A good story will typically end nicely, bringing everything to a neat conclusion—perhaps with the words “And they lived happily ever after.” So it would make sense for the Gospel — the greatest story ever told — to end the same way: Christ returns home to His Father and “They live happily ever after.”
We find in the Gospels, however, not a neat, tidy ending but the set-up for a sequel. All four Gospels conclude with a reference of some kind to future events or missions. Only Mark and Luke even mention Our Lord’s Ascension (and Mark just barely). Indeed, the Ascension itself, while concluding things in one sense, also cues a new beginning. It is not so much “The End” as “To Be Continued.”
In the same vein, as we celebrate the Lord’s Ascension, Mother Church places before us His Great Commission: “Go, therefore, and make disciples of all nations, baptizing them in the name of the Father, and of the Son and of the Holy Spirit, teaching them to observe all that I have commanded you” (Mt 28:19-20). Perhaps we could call it the Great Continuation — because the command Our Lord gives is, in essence, to continue His presence on earth. We have this Gospel on the Ascension to teach that Our Lord’s return to His Father does not end the story but begins a new chapter. His life and His mission are to be continued in His disciples.
The word “disciple” indicates, of course, a follower of Christ. But what kind of follower? Our Lord does not desire disciples who follow at a distance or who follow mindlessly. He desires disciples who follow because they know and love Him. The word “disciple” literally means “student.” To follow Christ requires that we be His students. It demands that we study Him — not only things about Him or what others say about Him — but Him, the man Himself. To be a disciple means to know Him personally. He cannot continue His life in those who do not know Him. And a disciple’s learning never ends. He never grows complacent or satisfied with his knowledge but always desires to know Jesus more intimately.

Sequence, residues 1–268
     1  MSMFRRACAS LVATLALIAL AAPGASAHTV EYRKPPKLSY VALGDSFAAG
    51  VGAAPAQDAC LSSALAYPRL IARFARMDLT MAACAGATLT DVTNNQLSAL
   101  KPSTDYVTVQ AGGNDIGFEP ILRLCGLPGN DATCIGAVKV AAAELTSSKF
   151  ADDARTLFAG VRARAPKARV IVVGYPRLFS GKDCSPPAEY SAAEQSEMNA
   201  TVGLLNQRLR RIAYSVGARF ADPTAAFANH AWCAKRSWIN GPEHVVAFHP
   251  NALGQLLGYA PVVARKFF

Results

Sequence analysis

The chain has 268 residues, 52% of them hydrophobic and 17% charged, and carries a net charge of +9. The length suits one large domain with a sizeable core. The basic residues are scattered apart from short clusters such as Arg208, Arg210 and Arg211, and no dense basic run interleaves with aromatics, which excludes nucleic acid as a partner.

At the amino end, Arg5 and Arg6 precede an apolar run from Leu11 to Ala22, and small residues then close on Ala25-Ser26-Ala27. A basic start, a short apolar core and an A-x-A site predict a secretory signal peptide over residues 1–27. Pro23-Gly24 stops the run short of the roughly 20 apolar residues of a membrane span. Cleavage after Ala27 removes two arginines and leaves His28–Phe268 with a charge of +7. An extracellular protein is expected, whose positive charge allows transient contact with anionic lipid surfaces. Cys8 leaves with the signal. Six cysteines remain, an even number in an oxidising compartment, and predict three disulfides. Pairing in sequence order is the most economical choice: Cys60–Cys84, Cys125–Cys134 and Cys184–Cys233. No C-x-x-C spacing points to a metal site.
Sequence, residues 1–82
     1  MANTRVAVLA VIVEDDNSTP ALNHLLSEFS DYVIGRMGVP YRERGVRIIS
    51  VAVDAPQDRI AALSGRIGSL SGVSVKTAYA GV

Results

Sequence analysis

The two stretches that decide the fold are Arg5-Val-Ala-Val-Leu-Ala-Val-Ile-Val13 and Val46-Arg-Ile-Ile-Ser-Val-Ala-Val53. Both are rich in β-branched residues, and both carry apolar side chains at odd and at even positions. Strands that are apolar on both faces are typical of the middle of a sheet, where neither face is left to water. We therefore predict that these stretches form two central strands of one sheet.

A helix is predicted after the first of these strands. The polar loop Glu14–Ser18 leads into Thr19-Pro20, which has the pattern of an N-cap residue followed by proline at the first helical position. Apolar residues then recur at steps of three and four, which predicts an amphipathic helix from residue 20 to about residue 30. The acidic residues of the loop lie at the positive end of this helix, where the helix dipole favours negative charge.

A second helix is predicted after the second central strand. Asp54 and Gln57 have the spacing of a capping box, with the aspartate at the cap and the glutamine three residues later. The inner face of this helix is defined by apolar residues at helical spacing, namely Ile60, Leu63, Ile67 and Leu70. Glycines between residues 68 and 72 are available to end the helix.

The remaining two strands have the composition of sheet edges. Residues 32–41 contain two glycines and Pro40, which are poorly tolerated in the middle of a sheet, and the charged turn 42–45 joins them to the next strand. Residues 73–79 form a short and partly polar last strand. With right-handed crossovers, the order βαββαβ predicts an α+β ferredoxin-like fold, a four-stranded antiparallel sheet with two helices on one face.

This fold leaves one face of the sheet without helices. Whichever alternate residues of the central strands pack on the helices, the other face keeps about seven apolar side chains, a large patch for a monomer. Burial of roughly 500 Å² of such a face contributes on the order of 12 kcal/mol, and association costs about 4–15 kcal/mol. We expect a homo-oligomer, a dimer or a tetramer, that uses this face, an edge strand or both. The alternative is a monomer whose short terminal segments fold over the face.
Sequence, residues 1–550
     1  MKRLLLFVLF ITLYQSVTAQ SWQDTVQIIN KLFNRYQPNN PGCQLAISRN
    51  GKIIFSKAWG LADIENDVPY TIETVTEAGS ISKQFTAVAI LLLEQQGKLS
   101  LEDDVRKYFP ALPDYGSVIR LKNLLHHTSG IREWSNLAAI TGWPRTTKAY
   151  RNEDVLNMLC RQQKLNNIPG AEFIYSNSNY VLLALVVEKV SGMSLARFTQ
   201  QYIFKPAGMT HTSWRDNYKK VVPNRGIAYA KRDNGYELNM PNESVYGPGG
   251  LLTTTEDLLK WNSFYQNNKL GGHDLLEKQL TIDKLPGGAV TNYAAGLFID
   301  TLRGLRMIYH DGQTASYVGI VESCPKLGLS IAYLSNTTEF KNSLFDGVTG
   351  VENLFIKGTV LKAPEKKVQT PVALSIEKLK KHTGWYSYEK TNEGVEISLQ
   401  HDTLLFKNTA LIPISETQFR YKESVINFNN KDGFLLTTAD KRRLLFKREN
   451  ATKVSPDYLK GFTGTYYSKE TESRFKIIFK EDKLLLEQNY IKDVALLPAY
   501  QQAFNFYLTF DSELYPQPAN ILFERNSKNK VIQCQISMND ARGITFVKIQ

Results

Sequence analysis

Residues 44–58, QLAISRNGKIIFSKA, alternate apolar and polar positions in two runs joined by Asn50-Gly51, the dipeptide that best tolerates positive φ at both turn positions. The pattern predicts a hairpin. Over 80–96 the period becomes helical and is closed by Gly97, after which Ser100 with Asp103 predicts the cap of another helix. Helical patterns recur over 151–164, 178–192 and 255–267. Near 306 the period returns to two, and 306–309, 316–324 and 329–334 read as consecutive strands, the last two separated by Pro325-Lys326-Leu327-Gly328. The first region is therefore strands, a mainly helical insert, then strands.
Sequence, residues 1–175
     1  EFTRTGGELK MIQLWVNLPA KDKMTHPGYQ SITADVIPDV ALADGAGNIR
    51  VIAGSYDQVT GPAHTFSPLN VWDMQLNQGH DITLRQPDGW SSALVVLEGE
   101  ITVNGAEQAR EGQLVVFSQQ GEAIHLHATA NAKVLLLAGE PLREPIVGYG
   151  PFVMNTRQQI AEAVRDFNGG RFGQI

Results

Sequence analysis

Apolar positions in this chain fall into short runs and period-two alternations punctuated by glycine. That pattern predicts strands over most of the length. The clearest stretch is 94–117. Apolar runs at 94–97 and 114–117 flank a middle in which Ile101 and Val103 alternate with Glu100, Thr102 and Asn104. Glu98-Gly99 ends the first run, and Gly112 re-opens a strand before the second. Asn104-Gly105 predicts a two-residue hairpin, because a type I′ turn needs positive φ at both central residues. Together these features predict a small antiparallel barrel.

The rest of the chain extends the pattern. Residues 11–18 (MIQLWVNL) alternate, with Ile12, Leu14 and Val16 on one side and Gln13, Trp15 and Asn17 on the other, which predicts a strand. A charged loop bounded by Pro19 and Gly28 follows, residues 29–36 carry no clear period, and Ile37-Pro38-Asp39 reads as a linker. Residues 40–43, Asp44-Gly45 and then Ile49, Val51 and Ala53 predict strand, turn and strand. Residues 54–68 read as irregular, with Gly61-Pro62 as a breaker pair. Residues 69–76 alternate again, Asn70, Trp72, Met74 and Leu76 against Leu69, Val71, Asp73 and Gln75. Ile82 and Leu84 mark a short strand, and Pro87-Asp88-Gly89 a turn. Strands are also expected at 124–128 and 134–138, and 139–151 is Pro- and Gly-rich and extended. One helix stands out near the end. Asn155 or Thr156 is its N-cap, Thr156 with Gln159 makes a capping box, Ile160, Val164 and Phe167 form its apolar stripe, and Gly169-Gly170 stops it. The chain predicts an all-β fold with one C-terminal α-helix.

Further, from the word “disciple” comes the word “discipline,” because to study anything demands self-control and self-denial. A disciple of Christ must therefore deny himself. Our Lord cannot continue His life in those enslaved to themselves. The man who lacks self-discipline, who chases after his every desire and passing fancy, will never know the Lord. Without the capacity to control and deny oneself, discipleship is impossible.
Notice also how Our Lord commands disciples to be made: by “baptizing” and “teaching.” In other words, it is a work from the inside and the outside. To reach inside, Our Lord issues the most basic sacramental command: “(baptize) in the name of the Father and of the Son and of the Holy Spirit.”
Baptism and indeed all the sacraments enlighten the intellect from within by the grace of God Himself. Disciples are made from within. We come to know Christ Jesus by way of His Spirit dwelling within us. Our study of the Faith is not a mere external affair but something accomplished deep within our souls. Students of Christ learn Him primarily in their interior life.
Still, instruction from the outside remains essential. So Our Lord also commands the Apostles, “(teach) them to observe all that I have commanded you.” Born again as children of God, we should desire to hear the truth from our heavenly Father. The teachings and rulings of the Church answer the desire for truth and holiness created in our souls by baptism.
Our Lord both ascends and remains. He ascends in His human body and remains in His mystical body, the Church. May we show ourselves to be true disciples, learning Christ Himself through the enlightenment of His grace and the instructions of His Church. For only through genuine disciples can His life in this world be continued.
Editor’s note: This article originally appeared on CE on May 3, 2008.